The Xi-Fi's SRC and Quartet DSP are undoubtedly the stars of the show, but the chip has several other essential components worth mentioning. More than 1200 MIPS of processing power are dedicated to the X-Fi's mixer, which handles the scaling, combining, and, of course, mixing of audio streams. The "Tank" engine handles all of the X-Fi's delay-based effects, including reverb, chorus, reflections, and inter-aural time delays, while a filtering engine dedicates a couple hundred MIPS to environment modeling, equalizers, and positional 3D audio. The X-Fi also has a transport engine that interfaces with onboard memory and an I/O bus, such as PCI. As you might expect, the chip also has an audio I/O component.


The X-Fi audio ring (Source: Creative)

A typical audio card would organize the X-Fi's various components in a line, each leading to the next with little flexibility in the signal path. Creative does things differently with the X-Fi, organizing the various chip components around what the company calls an audio ring. The audio ring is actually a pipelined bus with 4096 audio channels. Those audio channels can be used for not only the front, rear, center, and other external channels, but also as internal pathways for effects generation. Each chip component is free to access and route audio streams around the ring, giving the X-Fi a great deal of flexibility. That flexibility, combined with the all those internal audio channels, is perhaps the most exciting upgrade over Creative's previous audio cards. The Audigy, for example, was limited to 64 internal audio channels, all of which were limited to the effects engine.

Speaking of the Audigy2's effects engine, what would a Creative audio chip be without some measure of EAX support? The X-Fi is equipped to handle Creative's latest, EAX Advanced HD 5.0, with hardware acceleration for a total of 128 voices—double that of the Audigy2. Battlefield 2 can already take advantage of the X-Fi's support for extra voices, and most games with 3D audio will take advantage of the X-Fi's hardware EAX acceleration. Oddly, though, Creative is pretty much still the only game in town if you want hardware-accelerated 3D audio. Others seem content with the performance hit associated with having the CPU do all the heavy lifting for positional 3D audio.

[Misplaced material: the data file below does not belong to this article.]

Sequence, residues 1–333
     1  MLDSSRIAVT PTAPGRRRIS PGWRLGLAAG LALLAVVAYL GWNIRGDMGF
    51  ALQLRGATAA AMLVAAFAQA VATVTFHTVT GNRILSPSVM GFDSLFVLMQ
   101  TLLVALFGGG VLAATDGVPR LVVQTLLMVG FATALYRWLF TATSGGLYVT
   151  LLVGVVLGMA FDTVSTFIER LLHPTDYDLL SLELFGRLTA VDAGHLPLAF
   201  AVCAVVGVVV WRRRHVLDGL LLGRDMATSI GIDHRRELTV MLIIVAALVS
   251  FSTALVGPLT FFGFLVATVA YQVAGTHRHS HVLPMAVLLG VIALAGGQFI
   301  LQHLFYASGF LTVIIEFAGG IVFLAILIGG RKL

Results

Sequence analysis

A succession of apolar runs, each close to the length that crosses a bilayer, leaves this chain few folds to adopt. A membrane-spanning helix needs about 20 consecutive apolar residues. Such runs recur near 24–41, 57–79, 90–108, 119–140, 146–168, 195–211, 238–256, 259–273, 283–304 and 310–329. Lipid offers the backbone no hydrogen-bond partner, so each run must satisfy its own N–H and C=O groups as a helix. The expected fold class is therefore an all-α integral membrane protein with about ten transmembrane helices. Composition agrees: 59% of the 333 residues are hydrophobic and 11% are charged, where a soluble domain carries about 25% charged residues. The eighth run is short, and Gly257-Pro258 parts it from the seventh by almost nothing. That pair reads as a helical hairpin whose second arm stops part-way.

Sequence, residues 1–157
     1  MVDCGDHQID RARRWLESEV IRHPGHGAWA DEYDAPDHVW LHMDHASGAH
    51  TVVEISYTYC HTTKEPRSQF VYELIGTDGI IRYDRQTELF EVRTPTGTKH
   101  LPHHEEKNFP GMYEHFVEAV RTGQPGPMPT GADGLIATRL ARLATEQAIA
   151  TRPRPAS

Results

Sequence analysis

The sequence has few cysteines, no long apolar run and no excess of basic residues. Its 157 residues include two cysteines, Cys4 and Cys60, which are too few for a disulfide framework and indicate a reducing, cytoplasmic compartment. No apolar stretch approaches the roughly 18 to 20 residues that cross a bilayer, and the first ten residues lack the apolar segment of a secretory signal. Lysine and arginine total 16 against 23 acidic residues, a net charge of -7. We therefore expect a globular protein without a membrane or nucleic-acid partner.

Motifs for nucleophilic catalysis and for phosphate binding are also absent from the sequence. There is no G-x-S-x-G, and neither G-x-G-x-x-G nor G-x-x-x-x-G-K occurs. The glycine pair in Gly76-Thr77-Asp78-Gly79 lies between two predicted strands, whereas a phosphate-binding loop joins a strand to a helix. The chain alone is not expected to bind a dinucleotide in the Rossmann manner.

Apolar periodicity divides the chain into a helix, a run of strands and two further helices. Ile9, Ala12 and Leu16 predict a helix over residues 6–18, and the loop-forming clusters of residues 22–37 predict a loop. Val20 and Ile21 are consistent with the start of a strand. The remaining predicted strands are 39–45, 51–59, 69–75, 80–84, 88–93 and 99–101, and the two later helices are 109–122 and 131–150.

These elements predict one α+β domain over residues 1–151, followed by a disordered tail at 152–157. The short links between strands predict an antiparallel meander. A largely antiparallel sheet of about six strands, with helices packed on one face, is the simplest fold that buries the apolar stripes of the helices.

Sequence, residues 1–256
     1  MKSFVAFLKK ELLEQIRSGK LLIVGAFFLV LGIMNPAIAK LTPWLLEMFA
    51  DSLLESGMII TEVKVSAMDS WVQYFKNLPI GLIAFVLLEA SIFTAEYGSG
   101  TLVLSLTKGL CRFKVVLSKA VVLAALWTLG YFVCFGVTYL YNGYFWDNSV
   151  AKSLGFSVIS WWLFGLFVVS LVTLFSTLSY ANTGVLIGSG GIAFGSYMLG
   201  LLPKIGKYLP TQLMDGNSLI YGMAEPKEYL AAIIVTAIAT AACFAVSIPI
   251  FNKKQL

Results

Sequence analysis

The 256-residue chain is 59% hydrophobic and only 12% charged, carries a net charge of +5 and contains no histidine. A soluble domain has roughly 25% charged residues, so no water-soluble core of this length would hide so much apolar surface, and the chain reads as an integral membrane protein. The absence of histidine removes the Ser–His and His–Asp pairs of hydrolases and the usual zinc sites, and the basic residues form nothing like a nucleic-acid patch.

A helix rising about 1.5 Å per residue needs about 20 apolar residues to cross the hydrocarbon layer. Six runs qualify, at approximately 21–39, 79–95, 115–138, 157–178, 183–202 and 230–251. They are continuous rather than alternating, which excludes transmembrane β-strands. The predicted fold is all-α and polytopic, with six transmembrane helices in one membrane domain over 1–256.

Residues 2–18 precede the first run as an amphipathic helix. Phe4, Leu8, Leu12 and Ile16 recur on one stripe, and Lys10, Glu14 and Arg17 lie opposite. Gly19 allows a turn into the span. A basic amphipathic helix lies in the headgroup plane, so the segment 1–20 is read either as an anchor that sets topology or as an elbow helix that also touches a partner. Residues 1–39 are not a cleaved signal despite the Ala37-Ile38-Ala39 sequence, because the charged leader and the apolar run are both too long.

While the X-Fi architecture is impressive and its ability to accelerate 3D audio unmatched, one of the chip's more interesting features is that it can be paired with onboard memory that Creative calls X-RAM Onboard memory is nothing new in the sound card world (the AWE32 was available with 2, 4, and 8MB of RAM), but X-RAM is different because it's there specifically to be used by applications. Creative hopes that game developers will utilize X-RAM to cache decompressed audio, potentially saving precious CPU cycles in the process. Developers are also encouraged to use X-RAM to store higher quality audio assets that would otherwise be infeasible to decompress on the fly or stream from the hard drive. At least one developer is already taking advantage of X-RAM, with DICE's Battlefield 2 using it to cache in-game audio.

Unfortunately, X-RAM is only available at the top end of the X-Fi lineup on Fatal1ty FPS and Elite Pro cards that cost $300 and $400, respectively. With X-RAM limited to high-end cards, many developers may not see enough of an installed base to justify dedicating development resources to taking advantage of X-RAM. Only time will tell.

Despite its fancy new architecture, onboard memory, support for Dolby Digital ES and DTS-EX output, and THX certification, the X-Fi won't encode Dolby Digital Live. According to Creative, Dolby Digital Live support would make the X-Fi more expensive due to both licensing costs and the need for additional tank RAM on the chip. Creative also asserts that Dolby Digital Live encoding introduces a small amount of latency, and points out that it's limited to 5.1-channel output. Perhaps more notably, Creative says that Dolby Digital Live encoding can't handle DRM-protected content since it passes unprotected data through a digital output. That's an interesting limitation, although PC enthusiasts have never really been enthusiastic about DRM-encrusted content.